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Harris v. Klare

United States District Court, E.D. Kentucky, Northern Division, Covington

April 11, 2019

BRITTANY HARRIS PLAINTIFF
v.
KIMBERLY KLARE DEFENDANT

          MEMORANDUM ORDER

          David L. Bunning United States District Judge.

         This matter is before the Court upon Defendant Kimberly Klare's Motion in Limine (Doc. # 61), wherein the Defendant seeks to exclude from trial any argument or evidence related to Officer Klare's past performance reviews and disciplinary records and her past involvement in litigation. Plaintiff having filed a Response (Doc. # 62) and Defendant having filed a Reply (Doc. # 63), the Motion is now ripe for the Court's review. On April 11, 2019, the Court held a Final Pretrial Conference, during which time the Court heard oral arguments on the pending Motion. For the reasons that follow, the Defendant's Motion in Limine (Doc. # 61) is granted.

         I. ANALYSIS

         A. Standard of Review

         “Although the Federal Rules of Evidence do not explicitly authorize in limine rulings, the practice has developed pursuant to the district court's inherent authority to manage the course of trials.Luce v. Unites States, 469 U.S. 38, 41 n. 4 (1984). “The Federal Rules of Evidence, the Federal Rules of Criminal and Civil Procedure and interpretive rulings of the Supreme Court and this court all encourage, and in some cases require, parties and the court to utilize extensive pretrial procedures- including motions in limine-in order to narrow the issues remaining for trial and to minimize disruptions at trial.” United States v. Brawner, 173 F.3d 966, 970 (6th Cir. 1999).

         B. Prior Litigation and Personnel Records

         Defendant Klare seeks to have the Court exclude from trial “the introduction of, reference to, or use of . . . any performance reviews or past discipline of Officer Klare contained in her personnel file” and “any prior lawsuits to which Officer Klare was a named party.” (Doc. # 61). Defendant Klare argues that this evidence is irrelevant to the case before the Court and is improper character evidence. (Doc. # 61-1 at 3-6). Plaintiff Harris suggests that she may use this evidence for impeachment purposes during trial, rather than as affirmative evidence. (Doc. # 62 at 1). Harris does not appear to dispute Defendant's contention that the evidence would otherwise be improper. (Doc. # 62). Defendant Klare argues, however, that even used as impeachment evidence, the evidence at issue is highly prejudicial and must be excluded. (Doc. # 63 at 2-3).

         The Plaintiff has conceded that she does not plan to use the evidence affirmatively. The Plaintiff, however, notes that “circumstances and trial preparation change as trial proceeds” and seems to allude to the possibility of using this evidence affirmatively at trial. Plaintiff fails, however, to put forth arguments rebutting Defendant's assertion that the evidence is irrelevant and improper character evidence. Plaintiff has failed to pass even the most basic threshold evidentiary test, showing that such evidence of prior acts could be relevant to the case at hand. Fed.R.Evid. 401. Until such a showing is made, the Court will not speculate as to the possible relevance and admissibility. Thus, the Motion in Limine must be granted as to the use of this evidence affirmatively, as the Plaintiff fails to put forth evidence that it is relevant and not improper.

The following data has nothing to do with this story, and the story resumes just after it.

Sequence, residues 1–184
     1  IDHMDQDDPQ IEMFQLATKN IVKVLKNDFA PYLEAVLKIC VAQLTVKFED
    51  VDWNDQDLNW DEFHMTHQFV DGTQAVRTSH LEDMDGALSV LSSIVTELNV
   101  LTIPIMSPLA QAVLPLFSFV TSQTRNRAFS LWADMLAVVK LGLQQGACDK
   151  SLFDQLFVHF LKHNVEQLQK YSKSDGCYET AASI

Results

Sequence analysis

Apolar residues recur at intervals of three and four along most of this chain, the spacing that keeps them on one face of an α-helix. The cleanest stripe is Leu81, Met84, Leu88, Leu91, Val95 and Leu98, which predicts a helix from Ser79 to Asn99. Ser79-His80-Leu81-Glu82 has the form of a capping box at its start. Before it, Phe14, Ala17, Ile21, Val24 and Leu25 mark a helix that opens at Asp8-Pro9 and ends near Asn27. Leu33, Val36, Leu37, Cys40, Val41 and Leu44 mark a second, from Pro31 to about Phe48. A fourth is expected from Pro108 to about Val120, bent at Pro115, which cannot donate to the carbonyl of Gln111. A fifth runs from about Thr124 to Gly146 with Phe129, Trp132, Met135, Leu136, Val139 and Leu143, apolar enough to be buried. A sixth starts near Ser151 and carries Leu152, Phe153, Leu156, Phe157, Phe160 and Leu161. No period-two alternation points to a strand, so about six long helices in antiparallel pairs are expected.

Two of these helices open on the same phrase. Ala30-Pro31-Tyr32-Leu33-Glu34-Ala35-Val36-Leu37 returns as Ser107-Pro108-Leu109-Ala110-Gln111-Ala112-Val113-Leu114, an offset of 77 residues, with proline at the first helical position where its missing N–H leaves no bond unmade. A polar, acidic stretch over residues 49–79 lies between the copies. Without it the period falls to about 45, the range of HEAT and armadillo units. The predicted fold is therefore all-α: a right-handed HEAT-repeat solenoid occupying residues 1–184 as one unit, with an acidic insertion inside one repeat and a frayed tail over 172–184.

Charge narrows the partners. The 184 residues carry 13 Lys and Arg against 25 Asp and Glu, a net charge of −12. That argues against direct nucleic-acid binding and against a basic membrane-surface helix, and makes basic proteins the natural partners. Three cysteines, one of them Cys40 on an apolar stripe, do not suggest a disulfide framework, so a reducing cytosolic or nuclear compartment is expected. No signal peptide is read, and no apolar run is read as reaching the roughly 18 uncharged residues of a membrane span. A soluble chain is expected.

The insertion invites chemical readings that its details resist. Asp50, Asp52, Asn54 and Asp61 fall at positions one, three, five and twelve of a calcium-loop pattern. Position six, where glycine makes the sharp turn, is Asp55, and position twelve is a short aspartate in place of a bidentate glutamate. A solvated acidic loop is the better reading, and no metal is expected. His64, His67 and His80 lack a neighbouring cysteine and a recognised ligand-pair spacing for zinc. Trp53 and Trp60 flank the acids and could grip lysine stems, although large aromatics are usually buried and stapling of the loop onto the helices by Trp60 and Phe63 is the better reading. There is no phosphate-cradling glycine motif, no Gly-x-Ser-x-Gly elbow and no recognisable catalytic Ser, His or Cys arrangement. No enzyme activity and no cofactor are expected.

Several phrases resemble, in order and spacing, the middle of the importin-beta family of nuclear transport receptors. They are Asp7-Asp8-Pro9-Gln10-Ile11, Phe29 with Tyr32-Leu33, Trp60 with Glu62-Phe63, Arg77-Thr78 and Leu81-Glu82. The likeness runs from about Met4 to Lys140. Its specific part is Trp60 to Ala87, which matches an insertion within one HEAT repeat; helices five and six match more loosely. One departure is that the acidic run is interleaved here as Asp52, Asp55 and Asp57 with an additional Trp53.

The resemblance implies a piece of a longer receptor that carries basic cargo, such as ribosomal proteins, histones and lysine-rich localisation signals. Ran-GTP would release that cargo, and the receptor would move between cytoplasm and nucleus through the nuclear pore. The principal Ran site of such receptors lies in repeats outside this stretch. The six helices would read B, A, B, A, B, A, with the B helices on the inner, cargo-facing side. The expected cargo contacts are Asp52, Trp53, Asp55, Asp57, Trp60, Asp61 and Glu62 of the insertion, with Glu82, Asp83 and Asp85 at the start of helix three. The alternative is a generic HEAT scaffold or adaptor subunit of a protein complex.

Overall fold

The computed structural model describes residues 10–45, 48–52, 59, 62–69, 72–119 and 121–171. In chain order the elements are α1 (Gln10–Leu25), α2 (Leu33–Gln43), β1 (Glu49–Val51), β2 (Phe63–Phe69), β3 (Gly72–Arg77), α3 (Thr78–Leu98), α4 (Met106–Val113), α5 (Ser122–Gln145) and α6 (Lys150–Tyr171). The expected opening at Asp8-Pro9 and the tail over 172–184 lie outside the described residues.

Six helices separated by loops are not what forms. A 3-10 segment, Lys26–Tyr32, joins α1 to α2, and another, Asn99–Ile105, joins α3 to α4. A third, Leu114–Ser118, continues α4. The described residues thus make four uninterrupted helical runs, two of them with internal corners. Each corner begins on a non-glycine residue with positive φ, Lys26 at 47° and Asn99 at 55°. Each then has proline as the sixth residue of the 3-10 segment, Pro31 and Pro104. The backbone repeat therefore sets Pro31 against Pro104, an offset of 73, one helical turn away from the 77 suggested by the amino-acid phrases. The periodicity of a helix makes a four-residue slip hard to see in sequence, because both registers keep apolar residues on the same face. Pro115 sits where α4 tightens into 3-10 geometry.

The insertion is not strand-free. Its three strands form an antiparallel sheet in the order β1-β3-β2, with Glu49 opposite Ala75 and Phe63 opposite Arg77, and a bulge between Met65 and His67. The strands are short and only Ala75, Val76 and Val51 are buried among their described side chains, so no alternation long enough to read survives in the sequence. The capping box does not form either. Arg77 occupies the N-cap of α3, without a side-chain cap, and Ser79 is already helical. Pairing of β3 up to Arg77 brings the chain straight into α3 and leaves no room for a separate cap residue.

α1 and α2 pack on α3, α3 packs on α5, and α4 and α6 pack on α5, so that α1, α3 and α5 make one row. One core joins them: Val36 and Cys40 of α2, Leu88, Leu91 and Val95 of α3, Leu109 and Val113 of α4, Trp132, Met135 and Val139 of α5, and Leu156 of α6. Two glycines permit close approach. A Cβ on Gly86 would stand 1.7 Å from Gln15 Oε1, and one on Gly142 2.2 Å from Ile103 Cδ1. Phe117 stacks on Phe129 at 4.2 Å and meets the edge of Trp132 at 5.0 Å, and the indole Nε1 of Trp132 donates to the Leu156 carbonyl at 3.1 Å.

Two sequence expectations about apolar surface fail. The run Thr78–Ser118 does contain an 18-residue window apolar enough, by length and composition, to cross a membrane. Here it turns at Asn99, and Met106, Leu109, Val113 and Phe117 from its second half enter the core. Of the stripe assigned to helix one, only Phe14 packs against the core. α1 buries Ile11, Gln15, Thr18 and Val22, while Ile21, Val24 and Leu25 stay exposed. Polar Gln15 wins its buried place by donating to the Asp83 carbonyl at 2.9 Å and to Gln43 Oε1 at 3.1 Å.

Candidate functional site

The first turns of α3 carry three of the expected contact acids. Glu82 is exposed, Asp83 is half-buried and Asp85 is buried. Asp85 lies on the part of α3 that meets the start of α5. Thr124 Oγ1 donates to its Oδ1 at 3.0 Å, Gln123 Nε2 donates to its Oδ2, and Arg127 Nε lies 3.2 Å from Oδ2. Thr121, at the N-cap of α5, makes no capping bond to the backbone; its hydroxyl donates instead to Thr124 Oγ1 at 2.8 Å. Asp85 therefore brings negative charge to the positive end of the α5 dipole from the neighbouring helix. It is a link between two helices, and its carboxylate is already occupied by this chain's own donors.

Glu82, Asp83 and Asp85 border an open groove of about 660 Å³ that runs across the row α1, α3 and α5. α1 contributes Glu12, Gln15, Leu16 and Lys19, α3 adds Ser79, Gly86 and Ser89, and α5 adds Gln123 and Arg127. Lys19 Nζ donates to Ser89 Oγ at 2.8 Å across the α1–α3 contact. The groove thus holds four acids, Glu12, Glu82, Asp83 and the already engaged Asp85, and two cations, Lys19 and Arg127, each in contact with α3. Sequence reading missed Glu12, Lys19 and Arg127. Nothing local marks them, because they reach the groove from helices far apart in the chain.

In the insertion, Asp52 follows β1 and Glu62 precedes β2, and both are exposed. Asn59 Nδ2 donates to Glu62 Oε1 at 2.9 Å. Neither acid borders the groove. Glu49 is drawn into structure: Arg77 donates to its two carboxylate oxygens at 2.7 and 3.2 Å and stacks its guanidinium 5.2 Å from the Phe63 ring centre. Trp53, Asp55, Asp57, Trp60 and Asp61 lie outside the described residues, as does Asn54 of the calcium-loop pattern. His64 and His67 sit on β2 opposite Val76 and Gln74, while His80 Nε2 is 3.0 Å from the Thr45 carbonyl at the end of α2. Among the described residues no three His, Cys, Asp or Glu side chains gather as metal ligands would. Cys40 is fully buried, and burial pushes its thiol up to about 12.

Plaintiff is also unable to put forth an exemplary instance during which the evidence could appropriately be used for impeachment. (Doc. # 62). Impeachment evidence is used to attack the credibility of a testifying witness. Impeachment of a witness can occur in a number of ways: “[c]ontradiction through another witness; [a] showing that the witness made a prior inconsistent statement; [a]n attack on character for truthfulness; [a] showing of prior conviction; [a] showing of bias or interest; or [a] showing of defects in the witness's perception or ability to observe.” Roger C. Park & Aviva Orenstein, Trial Objections Handbook § 7:2 (2d ed. 2018).

         Plaintiff has failed to show how the personnel records or evidence of prior litigation could be used for impeachment purposes in any of these ways. Thus, the Court is left to speculate about whether the opportunity would arise during trial for the at-issue evidence to be used to impeach. The Court finds Defendant's argument that Plaintiff would not be able to use the evidence for impeachment purposes without first using it affirmatively to be persuasive. (Doc. # 63 at 4). Until Plaintiff is able to show the Court that such evidence is appropriately admissible, it will be excluded.

         II. CONCLUSION

         Accordingly, IT IS ORDERED that Defendant's Motion in Limine is GRANTED. Plaintiff may not introduce evidence of, or reference, Klare's past performance reviews or discipline, or any prior involvement in litigation. If Plaintiff believes that Defendant Klare has opened the door during trial to potentially use this excluded evidence to impeach, ...


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